As always, the power of traditional linear broadcast television will be on full display Sunday, when the San Francisco 49ers face the Kansas City Chiefs in Super Bowl LIV at Hard Rock Stadium in Miami on Fox. But reaching the typical 100-million viewer benchmark is becoming more of a challenge given the increase of viewers streaming the live sporting event.
Last year, the CBS telecast of Super Bowl LIII featuring the Los Angeles Rams and the New England Patriots scored 98.2 million viewers on the linear platform, according to Nielsen Media Research, the lowest turnout since 2008 (when New England faced the New York Giants). TV’s perennially top-rated telecast of the year had consistently topped the 100-million viewer mark on a linear broadcaster since 2010 (peaking at 114.4 million viewers in 2015).
According to Nielsen, Super Bowl streaming audiences were still comparatively small — only about 2.2 million viewers streamed Super Bowl LIII last year, an increase of 31% over the prior year, the research company stated.
Other researchers determined the streaming audience to be much bigger. According to the 2020 “Super Bowl Viewership and Consumer Streaming Trends Survey” from digital marketing agency Adtaxi, the percentage of the audience streaming the game was as high as 21% last year, a marked increase over the 8% market share for the 2018 game.
Any way you slice it, the percentage of the audience streaming the big game instread of watching it on linear television is increasing. This year, Adtaxi expects 24% of the Super Bowl audience to come from OTT distribution.
This Sunday, Super Bowl LIV can be streamed live in Ultra High Definition (UHD) and High Dynamic Range (HDR) for the first time ever, making the game available through the Fox Sports and Fox NOW apps via select 4K streaming services. In addition, the UHD broadcast will be available through several Fox Sports distributors via TV Everywhere (including DirecTV, Dish, Comcast Xfinity X1, Altice Optimum, Verizon Fios) on any device. Virtual MVPDs including FuboTV will also stream the big game, across platforms including desktop, iOS, Amazon Fire TV, Android, Roku, Apple TV, Google Chromecast, Android TV and Samsung Smart TV, among others.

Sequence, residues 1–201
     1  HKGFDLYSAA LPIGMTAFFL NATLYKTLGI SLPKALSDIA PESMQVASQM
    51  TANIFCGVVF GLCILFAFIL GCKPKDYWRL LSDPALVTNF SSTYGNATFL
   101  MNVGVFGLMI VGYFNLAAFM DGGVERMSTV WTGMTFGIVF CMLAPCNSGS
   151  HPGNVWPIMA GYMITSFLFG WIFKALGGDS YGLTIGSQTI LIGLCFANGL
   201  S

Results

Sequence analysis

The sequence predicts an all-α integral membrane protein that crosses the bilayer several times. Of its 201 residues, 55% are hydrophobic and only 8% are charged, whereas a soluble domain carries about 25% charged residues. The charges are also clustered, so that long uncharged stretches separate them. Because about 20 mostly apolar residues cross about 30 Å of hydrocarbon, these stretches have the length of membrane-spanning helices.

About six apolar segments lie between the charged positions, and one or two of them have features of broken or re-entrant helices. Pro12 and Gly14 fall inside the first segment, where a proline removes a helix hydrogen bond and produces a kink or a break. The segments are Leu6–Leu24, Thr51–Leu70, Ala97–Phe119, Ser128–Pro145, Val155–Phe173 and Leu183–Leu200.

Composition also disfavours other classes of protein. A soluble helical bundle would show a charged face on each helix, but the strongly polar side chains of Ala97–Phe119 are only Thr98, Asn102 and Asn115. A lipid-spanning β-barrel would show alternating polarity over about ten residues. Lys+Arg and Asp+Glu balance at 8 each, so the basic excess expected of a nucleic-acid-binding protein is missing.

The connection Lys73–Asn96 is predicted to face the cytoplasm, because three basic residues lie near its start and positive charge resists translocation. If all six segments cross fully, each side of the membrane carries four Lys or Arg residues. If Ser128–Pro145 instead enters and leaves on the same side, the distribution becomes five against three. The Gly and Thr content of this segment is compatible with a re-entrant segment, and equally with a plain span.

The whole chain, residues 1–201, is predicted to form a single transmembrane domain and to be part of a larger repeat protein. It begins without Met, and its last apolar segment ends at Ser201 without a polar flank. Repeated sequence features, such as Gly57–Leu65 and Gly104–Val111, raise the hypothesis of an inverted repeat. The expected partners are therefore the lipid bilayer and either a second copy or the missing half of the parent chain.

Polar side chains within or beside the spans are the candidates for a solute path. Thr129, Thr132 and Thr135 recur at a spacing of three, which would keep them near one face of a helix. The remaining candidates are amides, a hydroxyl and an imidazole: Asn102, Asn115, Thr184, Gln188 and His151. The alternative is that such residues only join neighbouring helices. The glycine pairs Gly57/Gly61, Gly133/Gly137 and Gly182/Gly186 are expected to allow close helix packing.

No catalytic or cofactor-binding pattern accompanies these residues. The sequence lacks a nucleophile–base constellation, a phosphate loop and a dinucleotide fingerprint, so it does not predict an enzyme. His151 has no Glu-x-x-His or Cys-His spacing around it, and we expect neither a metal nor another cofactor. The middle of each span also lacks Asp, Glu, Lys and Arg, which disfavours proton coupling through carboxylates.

“We have so many great 4K devices for customers to choose from, and this Super Bowl is shaping up to be one of the most exciting,” said Matt Clark, Amazon Fire TV’s head of business development in a statement. “We’re seeing incredible momentum in streaming and recently announced that Fire TV has more than 40M active users. Giving every one of those users a simple way to stream live sports is a huge area of focus as we invest in making Fire TV the best way to watch everything you love.”
Needless to say, the stage is set for what could — and should — be another record year for live streaming, as cord cutters (as well as traditional linear watchers) will have a variety of additional ways to access the game without a cable or satellite box. But that does not mean streaming Super Bowl LIV may not be without its inherent problems. According to streaming infrastructure company Phenix Real Time Solutions, viewers last year saw the on-field action 28 to 46 seconds, on average, after it actually happened.
Phenix is a real time video streaming platform with a goal to deliver content across the globe with less than a half of a second of end-to-end latency or delay and in sync so the entire audience can watch the game at the same time.